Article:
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Over half of healthcare workers have experienced bad behaviour at work
Over half (52%) of healthcare workers have experienced bullying, harassment or discrimination at work, while 48% have witnessed it – according to a recent study conducted by Culture Shift.
Research by the impact software developer also found that 31% of healthcare workers would not report a case of bullying inflicted by a senior colleague due to fear of penalisation or professional repercussions.
The report also highlighted that 48% of healthcare workers have had mental health challenges because of toxic workplace behaviour, 42% say bad workplace culture has impacted their productivity and 32% have had to take time off due to an incident surrounding bullying, harassment or sexual misconduct.
“The evidence has been consistently clear for a long time now; a happy and supported workforce is a productive and profitable one. But even without this consideration, we should still all be entitled to a number of basic professional assurances in the workplace - such as the right to expect colleagues to behave with respect, treat people with dignity and work and thrive in an environment of psychical and psychological safety. No one should carry the burden of someone else’s toxic behaviour when they’re just trying to earn a living.” comments Gemma McCall, CEO, Culture Shift.
She continues: “Companies and organisations that treat their employees fairly, actively adopt the appropriate anti-discrimination and harassment protocols, foster a truly speak up culture and work constantly to create safe and supportive environments will thrive and flourish.”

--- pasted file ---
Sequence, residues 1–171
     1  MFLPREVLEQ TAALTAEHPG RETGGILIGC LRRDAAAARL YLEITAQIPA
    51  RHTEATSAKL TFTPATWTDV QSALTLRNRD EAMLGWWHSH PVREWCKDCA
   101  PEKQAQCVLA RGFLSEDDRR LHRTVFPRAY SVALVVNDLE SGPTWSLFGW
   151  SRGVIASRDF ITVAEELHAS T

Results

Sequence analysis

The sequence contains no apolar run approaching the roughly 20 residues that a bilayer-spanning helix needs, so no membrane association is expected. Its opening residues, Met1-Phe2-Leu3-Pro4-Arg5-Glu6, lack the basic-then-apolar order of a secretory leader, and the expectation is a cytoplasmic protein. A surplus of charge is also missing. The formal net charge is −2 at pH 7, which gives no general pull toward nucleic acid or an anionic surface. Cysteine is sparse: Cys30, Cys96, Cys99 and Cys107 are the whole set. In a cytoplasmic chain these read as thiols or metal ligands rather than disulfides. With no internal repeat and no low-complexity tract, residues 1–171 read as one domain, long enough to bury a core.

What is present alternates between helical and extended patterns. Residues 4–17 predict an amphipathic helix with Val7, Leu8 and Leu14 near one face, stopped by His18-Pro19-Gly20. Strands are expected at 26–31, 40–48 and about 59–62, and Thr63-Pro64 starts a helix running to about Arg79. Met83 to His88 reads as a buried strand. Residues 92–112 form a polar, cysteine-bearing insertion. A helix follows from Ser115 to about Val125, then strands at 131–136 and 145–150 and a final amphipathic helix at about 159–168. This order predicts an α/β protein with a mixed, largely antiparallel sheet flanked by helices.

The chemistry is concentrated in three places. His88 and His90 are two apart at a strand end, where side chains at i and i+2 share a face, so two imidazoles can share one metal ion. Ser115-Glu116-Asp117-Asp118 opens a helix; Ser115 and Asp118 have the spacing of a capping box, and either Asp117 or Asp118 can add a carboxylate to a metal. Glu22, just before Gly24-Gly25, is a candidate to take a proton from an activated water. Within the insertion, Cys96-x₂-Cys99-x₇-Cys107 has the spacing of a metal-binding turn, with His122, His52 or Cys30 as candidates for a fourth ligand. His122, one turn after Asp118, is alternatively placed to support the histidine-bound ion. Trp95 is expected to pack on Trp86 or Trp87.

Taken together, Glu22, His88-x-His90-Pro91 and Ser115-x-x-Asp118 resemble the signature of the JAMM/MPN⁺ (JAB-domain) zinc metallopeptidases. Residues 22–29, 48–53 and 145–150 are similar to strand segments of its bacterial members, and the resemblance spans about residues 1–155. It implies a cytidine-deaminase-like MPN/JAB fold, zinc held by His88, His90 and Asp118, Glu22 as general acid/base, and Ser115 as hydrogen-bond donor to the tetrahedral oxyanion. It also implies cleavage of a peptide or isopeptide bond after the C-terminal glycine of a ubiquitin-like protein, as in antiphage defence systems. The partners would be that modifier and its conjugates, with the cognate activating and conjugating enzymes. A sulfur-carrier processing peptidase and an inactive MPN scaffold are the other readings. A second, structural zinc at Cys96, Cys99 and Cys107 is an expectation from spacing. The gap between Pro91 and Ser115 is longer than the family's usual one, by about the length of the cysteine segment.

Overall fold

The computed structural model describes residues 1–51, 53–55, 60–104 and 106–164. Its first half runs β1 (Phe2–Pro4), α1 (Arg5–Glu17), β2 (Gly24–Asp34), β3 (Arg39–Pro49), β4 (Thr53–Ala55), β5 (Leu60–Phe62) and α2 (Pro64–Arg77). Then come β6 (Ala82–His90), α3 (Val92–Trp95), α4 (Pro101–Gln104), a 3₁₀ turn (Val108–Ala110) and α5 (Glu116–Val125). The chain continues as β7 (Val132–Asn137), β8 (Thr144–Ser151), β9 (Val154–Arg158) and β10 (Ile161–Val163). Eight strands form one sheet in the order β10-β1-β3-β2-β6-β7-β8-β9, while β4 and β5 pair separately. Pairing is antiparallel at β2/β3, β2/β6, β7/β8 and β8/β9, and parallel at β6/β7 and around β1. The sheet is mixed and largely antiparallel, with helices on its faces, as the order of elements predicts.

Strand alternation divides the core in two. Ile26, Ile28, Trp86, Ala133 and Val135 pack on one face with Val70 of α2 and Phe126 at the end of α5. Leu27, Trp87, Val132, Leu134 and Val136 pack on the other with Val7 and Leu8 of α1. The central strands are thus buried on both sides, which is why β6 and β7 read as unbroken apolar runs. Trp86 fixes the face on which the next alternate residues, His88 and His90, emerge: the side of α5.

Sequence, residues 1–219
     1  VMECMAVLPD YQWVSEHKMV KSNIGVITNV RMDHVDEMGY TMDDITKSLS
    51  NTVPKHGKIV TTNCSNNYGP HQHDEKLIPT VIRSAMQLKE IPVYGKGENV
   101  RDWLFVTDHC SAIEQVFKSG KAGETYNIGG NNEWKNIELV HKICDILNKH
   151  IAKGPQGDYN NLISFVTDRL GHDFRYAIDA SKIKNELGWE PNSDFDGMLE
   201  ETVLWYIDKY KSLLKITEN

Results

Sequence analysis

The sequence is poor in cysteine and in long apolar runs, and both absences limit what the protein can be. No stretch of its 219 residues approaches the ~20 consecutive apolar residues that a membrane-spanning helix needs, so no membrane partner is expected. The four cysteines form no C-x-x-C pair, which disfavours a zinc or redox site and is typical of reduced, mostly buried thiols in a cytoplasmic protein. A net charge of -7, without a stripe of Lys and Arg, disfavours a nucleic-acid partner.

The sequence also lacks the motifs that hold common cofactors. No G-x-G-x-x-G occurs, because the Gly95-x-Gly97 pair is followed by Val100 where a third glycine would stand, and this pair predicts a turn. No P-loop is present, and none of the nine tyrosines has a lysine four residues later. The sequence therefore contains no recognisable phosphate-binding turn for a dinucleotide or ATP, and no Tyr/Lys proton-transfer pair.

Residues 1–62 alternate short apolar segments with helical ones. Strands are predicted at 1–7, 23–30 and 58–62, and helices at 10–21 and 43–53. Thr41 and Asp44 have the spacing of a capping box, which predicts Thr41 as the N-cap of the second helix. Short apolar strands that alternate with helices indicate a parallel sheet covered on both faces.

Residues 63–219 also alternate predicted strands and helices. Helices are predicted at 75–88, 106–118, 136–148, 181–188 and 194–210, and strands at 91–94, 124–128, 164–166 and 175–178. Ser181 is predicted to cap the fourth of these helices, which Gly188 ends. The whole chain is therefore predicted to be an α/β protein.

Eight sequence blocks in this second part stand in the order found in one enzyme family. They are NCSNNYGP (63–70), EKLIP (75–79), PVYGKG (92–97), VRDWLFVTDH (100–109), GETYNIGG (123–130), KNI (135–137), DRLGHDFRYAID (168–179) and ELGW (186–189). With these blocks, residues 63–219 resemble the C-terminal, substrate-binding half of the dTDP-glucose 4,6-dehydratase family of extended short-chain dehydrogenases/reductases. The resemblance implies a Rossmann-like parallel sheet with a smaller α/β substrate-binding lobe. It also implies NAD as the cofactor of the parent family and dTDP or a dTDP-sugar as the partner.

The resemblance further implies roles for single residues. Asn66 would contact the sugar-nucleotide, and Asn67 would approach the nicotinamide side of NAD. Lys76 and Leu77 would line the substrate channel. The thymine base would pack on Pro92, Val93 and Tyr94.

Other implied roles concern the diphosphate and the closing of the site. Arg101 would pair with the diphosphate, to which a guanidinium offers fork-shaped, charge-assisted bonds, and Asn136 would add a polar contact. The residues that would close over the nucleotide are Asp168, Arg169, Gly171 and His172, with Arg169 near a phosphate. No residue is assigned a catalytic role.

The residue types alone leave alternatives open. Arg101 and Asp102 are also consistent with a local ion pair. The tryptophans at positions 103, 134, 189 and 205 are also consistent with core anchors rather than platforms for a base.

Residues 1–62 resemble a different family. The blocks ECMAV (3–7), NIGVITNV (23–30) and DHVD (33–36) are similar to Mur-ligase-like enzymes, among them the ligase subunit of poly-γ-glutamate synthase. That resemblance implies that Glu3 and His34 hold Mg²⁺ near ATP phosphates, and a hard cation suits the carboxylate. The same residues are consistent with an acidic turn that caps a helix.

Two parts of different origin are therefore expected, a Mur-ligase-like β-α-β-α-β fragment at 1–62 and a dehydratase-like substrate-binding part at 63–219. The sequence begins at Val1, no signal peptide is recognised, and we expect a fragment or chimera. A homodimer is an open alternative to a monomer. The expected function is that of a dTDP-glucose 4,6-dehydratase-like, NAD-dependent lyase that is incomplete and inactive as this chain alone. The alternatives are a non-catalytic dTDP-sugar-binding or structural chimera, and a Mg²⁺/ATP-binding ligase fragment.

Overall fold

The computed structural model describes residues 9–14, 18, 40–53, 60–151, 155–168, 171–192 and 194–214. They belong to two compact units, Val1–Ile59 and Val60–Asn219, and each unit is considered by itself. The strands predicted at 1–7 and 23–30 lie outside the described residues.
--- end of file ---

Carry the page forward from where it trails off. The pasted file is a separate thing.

The data also showed that healthcare workers are more likely to report toxic workplace closer to the time at which it happens:
79% of employees said they would it if was happening now
60% said they would report it if it happened one year ago
52% said they would report it if it had happened two years ago
52% said they would report it if it had happened three or more years ago
“There is still work to be done considering over a fifth of healthcare workers wouldn’t report toxic behaviour even if it was happening at present. These figures highlight the importance of investing in ways to listen to your team all year round. I wouldn’t be surprised if the standard yearly staff survey was on its way out, as we learn more about the decreased likelihood of teams speaking out about bad behaviour after the moment has passed,” continued Gemma.
On how employees working in healthcare would respond to problematic behaviour, the research also revealed:
A quarter wouldn’t address or raise concerns in annual company feedback surveys
17% of people would distance themselves from someone who was being bullied
67% of respondents claimed they would be far more likely to report bullying if there were anonymous systems in place to help them do so.
To see more insights uncovered by the research or to download the full ‘protecting your people’ report https://info.culture-shift.co.uk/protecting-your-people